For The Love of Art

Watercolor painting by Frank A. Pietrucha

This tribute to master watercolorist Frank A. Pietrucha (1926 – 2014) highlights the mainstay of his seven-decade career–landscapes and architectural scenes. These paintings reveal the unique way he saw the world, in a delightful and often humorous manner. With utmost enthusiasm and devotion, he painted lively scenes of Bermuda, Europe, New England, Cape May, and other historic and nonspecific places in New Jersey, where he lived before moving to Bethlehem, Pennsylvania, in 2013. This exhibition also features his distinctive curvilinear paper sculptures and oil paintings.

Pietrucha’s paintings gleam with color: Watercolor pigments are typically transparent and appear luminous, as light is reflected off of the white paper. An impeccable draftsman, Pietrucha’s brushwork ranges from tight and linear to loose and painterly. The challenging medium of watercolor was popular when Pietrucha went to art school in the 1940s. Like many artists, he kept the style he initially mastered and ignored trends. His paintings are classics. Working from both a professional and personal perspective, the artist’s daughter, Dr. Diane P. Fischer, curated this exhibition.

BIOGRAPHY:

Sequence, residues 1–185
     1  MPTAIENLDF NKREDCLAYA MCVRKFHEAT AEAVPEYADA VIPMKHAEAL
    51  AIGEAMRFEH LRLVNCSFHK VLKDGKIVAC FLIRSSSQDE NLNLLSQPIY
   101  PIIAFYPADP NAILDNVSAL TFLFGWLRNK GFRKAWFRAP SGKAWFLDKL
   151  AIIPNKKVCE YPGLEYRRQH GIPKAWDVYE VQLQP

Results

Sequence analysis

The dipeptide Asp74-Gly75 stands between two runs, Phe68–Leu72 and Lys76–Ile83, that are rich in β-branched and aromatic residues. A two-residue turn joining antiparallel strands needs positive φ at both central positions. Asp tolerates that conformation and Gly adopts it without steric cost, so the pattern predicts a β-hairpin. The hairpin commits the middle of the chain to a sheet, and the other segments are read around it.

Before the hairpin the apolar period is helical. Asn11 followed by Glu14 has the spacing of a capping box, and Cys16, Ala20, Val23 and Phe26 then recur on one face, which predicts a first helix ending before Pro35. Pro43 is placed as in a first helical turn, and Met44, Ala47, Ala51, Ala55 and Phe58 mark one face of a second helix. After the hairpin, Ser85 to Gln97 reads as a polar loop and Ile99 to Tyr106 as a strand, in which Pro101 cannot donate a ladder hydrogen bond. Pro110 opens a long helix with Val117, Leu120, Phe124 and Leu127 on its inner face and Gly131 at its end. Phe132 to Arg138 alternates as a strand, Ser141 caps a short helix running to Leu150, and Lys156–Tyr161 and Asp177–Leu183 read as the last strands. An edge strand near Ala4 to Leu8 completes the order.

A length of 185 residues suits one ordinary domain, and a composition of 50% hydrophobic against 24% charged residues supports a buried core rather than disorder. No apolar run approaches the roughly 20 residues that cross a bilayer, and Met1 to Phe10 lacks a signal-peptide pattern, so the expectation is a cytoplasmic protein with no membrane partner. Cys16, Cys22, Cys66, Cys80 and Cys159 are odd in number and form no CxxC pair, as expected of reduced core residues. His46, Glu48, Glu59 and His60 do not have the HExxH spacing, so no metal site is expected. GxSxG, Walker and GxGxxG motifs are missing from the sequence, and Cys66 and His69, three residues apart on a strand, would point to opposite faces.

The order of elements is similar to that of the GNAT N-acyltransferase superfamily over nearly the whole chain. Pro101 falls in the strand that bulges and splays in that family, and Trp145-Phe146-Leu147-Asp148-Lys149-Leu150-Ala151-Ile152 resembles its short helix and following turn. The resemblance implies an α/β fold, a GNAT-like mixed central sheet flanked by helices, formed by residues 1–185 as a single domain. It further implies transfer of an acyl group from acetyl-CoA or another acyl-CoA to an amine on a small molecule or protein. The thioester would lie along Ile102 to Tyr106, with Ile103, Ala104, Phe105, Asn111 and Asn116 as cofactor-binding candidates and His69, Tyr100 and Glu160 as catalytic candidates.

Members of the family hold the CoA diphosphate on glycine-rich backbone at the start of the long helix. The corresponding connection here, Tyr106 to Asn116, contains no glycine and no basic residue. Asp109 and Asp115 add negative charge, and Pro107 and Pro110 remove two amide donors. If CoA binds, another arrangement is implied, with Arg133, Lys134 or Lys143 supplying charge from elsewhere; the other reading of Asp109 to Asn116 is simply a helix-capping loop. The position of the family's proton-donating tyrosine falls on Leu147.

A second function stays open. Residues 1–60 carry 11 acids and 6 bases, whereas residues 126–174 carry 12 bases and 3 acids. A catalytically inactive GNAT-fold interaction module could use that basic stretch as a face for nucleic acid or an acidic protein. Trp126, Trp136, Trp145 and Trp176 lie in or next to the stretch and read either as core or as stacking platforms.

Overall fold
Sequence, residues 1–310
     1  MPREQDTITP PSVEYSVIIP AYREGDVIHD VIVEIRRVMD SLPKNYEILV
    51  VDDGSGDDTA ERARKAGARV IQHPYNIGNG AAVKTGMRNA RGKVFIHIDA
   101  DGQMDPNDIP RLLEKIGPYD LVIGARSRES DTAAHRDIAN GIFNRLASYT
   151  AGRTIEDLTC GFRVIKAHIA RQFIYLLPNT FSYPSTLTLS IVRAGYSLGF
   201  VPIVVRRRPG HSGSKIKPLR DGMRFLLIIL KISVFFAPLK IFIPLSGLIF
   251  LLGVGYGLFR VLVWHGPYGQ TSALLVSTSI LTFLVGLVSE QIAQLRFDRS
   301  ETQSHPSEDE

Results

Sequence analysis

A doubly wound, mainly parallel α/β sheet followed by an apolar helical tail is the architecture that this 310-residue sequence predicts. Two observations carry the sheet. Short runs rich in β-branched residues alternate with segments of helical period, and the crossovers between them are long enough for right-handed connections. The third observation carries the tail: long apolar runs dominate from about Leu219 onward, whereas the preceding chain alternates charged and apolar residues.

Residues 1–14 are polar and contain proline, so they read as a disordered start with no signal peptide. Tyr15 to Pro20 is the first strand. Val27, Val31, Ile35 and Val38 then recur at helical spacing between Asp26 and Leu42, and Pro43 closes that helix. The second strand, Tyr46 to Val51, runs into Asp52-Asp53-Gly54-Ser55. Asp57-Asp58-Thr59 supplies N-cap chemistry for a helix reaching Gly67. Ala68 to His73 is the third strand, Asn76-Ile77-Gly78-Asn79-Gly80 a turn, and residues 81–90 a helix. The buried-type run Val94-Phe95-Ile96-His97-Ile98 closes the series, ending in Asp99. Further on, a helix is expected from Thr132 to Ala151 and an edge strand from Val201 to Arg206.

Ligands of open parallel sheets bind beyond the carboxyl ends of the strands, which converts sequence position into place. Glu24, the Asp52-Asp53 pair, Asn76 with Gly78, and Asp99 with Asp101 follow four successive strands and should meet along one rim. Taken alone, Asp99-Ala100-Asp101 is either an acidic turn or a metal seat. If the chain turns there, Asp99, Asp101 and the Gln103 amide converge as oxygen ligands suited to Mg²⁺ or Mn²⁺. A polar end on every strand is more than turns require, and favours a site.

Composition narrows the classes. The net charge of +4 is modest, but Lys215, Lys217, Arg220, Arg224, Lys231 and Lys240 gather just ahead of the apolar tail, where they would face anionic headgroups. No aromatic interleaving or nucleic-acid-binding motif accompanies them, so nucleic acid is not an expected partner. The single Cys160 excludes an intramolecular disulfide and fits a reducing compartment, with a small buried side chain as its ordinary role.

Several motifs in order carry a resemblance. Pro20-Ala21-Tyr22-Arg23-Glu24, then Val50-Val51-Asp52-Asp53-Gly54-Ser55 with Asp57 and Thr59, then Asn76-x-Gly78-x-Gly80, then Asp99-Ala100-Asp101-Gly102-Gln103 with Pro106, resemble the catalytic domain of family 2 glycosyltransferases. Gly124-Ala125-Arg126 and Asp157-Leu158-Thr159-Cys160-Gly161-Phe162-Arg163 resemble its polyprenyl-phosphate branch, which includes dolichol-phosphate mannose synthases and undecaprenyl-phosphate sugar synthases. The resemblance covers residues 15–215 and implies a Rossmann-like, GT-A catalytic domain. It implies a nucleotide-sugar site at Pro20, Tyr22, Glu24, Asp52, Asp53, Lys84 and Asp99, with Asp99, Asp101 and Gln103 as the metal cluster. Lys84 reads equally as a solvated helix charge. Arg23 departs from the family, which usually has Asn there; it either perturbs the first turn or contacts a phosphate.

Born in Newark, New Jersey, Frank Pietrucha was the sixth of seven children of Polish immigrant parents who were devoutly Catholic, patriotic, hardworking, and loving. The family prospered financially until they lost their construction business during the Great Depression of 1929. Throughout his school years, Frank was dedicated to becoming an artist. After serving in the U.S. Army during the Occupation after World War II, Pietrucha attended the Newark School of Fine and Industrial Art (1947 – 1949). Because it was so close to New York City, the school attracted excellent teachers. Before he graduated, Frank was recruited to work as an art director for a design firm. In 1956, Frank married Dorothy Bol, a popular banker and singer. They raised three children in their home in West Orange, New Jersey. It was not until 1973, when he opened his own business at home, that Pietrucha had time to pursue fine art zealously. He was prolific, exhibiting in numerous group and thirteen one-person exhibitions. A member of the highly selective New Jersey Watercolor Society, his work is represented in numerous private collections as well as at the Montclair Art Museum and the Herbert F. Johnson Museum at Cornell University.